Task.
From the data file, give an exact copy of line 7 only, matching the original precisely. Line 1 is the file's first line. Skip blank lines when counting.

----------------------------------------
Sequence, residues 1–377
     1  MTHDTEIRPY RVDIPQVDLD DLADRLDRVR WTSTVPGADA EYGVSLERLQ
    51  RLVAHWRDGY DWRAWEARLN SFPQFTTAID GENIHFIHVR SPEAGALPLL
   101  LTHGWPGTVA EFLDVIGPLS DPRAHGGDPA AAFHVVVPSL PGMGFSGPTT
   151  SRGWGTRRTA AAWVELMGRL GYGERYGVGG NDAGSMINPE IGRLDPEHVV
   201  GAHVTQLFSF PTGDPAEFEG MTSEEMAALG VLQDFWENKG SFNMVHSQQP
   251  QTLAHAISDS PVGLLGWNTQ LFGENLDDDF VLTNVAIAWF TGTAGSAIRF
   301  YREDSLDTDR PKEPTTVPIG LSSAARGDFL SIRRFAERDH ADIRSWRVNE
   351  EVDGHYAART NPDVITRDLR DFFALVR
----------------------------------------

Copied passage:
   251  QTLAHAISDS PVGLLGWNTQ LFGENLDDDF VLTNVAIAWF TGTAGSAIRF